“In Labor I Find Peace”: The Works and Notes of a Mysterious Italian-American Composer Find A New Home at Penn

If you are a music historian and have never heard of F. Antonio Di Cecco (1888-1954), don’t worry: neither had the author of this post until a few months ago. After all, why should you know him? Contemporary newspapers reveal very little about his work as a composer and conductor, and when journalists did write something about his music, their opinions were not too flattering.

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A review of a concert featuring music by Antonio Di Cecco, Philadelphia Inquirer, October 15, 1924

A concert featuring Di Cecco’s ballet ”Primavera Italica (“Italian Spring”) and a few others of his works was organized in Philadelphia in October 1924 by a committee of Italians living in the city. “Mr. Di Cecco has real musical feeling,” wrote a reporter of the Philadelphia Inquirer, “but it seemed at times as if he were groping after expression rather than finding it…he is not a born melodist; his themes lack spontaneity.” Overall, the journalist concluded, “it must be said that the composer’s bent seems to be elegiac,’ at times “rather monotonously so.”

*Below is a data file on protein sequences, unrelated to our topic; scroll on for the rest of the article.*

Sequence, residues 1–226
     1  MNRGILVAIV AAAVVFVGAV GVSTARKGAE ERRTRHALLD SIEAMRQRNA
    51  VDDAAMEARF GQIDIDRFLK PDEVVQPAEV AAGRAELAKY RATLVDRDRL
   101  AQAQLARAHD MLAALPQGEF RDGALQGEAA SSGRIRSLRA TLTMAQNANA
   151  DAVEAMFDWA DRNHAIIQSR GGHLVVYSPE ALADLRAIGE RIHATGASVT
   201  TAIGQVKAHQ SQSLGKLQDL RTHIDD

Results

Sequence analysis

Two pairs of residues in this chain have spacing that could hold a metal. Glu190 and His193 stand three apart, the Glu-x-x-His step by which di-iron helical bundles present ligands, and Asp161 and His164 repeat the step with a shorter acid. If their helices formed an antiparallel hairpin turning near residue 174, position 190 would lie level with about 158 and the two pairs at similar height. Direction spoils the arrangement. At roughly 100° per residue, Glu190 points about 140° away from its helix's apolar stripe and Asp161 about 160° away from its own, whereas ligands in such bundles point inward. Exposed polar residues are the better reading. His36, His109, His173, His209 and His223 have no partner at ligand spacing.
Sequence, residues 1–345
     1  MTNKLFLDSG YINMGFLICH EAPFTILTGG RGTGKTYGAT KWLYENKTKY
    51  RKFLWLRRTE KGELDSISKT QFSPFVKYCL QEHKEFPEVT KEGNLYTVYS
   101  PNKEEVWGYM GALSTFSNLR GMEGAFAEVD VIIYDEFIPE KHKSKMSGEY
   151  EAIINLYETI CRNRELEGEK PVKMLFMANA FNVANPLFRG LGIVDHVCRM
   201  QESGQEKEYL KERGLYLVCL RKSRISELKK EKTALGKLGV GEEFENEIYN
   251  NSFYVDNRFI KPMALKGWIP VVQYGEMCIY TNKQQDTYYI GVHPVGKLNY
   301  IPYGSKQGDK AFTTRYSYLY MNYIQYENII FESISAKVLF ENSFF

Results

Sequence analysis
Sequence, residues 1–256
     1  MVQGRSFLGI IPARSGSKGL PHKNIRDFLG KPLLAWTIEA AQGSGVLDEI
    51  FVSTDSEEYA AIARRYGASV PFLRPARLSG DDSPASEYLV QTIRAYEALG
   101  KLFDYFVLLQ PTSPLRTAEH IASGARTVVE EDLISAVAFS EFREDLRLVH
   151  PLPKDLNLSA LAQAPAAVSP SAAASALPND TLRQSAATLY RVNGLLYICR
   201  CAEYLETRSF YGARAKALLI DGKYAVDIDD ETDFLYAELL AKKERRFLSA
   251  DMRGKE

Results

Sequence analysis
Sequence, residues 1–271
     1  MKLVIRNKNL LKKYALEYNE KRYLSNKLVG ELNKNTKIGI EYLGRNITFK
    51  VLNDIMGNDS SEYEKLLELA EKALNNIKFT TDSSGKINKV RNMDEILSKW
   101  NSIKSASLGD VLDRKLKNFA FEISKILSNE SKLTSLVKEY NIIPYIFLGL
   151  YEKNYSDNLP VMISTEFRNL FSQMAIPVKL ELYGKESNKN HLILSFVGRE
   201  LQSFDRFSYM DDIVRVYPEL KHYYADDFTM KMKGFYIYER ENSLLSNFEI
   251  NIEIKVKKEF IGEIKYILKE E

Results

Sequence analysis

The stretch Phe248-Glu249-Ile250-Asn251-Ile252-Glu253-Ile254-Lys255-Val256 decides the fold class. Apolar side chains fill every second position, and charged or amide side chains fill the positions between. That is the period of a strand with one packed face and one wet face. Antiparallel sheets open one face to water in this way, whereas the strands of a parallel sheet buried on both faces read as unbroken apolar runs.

Yet, despite his apparently unimpressive record, there are very good reasons to believe that Di Cecco’s works, now part of the F. Antonio Di Cecco collection of manuscripts scores and notebooks, may be of great historical value today. Apart from a few notable exceptions – for example, Gian Carlo Menotti, along with the younger John Corigliano and David Del Tredici – the life and music of Italian-American composers remains today largely unstudied. This is especially true for the crucial period around the turn of the 19thcentury, when millions of impoverished Italians came to the United States to look for better job opportunities. Between the 1880s and the early 1920s, Italians were often viewed with suspicion by both Americans and members of other ethnic communities. These were the years in which the stereotype of the loud, uncultured, ever-gesticulating, mafia-affiliated Italian was born—a stereotype that finds more than an echo in many entertainment products, from Francis Ford Coppola’s The Godfather to the unlikely mobsters of It’s Always Sunny in Philadelphia.